As more jurisdictions mandate the wearing of masks in public, questions have arisen about whether wearing a mask for a long time causes carbon dioxide retention thereby impairing breathing.
Some people have claimed that wearing a mask makes them hyperventilate and feel like they are going to pass out causing panic among the public.
Experts say that mask does not pose risk to healthy people.
In an interview with the chief medical officer of the American Lung Association, Dr. Albert Rizzo, stressed that, the drop in oxygen level as a result of wearing a mask is not true. “They feel that the mask is an impediment to getting air in but their oxygen levels are stable. Mask does not cause CO2 retention. For a mask to trap enough exhaled CO2 and for us to breath enough of that CO2 back in to raise our CO2 level, it has to be a pretty tight-fitting mask. With the type of mask we are suggesting that people wear, that’s very unlikely to occur” says Dr. Albert Rizzo.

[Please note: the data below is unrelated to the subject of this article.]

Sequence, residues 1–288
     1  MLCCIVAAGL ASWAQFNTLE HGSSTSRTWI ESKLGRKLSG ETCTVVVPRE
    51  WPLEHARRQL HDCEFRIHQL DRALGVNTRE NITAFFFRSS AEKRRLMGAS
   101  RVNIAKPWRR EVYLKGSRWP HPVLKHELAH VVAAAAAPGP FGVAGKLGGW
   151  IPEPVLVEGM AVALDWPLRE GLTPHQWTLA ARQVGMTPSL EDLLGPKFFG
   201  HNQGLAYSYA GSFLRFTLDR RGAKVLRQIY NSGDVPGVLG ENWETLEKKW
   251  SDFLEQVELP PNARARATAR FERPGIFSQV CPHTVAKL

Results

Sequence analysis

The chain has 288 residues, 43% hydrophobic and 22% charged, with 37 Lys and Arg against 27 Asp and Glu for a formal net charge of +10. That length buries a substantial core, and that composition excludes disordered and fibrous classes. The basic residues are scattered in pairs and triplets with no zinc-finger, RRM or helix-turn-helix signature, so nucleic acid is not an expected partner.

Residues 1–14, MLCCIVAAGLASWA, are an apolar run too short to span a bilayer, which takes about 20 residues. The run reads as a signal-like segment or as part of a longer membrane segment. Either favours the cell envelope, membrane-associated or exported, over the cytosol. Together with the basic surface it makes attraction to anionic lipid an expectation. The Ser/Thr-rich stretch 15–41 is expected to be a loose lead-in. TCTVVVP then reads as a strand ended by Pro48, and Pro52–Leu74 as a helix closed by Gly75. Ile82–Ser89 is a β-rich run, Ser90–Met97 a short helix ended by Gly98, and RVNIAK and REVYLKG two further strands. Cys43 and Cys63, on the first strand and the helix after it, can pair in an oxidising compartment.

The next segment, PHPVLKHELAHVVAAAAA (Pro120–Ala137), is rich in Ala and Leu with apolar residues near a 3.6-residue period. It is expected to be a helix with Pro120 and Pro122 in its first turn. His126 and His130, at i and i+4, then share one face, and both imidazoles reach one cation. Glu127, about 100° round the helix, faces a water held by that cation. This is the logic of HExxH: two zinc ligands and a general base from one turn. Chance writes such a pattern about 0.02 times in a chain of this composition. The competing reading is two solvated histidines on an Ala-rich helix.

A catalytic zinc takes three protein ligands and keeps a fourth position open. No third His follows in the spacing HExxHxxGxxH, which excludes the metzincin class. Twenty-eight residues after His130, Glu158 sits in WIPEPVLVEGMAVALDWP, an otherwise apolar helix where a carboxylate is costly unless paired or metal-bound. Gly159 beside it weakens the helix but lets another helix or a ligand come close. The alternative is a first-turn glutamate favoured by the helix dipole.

Carbon dioxide molecules freely diffuse through the mask allowing normal gas exchange while breathing.
some people with pre-existing respiratory illnesses such as asthma and lung disease may face health issues with improper or prolonged use of tight-fitting masks, such as N95 respirators. But healthy people wearing cloth or surgical masks are in little to no danger of breathing in unhealthy amounts of carbon dioxide
There is less of a chance of breathing issues with face coverings (either store-bought or homemade) as they are not tight around the face. Make sure your mask covers your nose and mouth but isn’t so tight so that you really can’t breathe.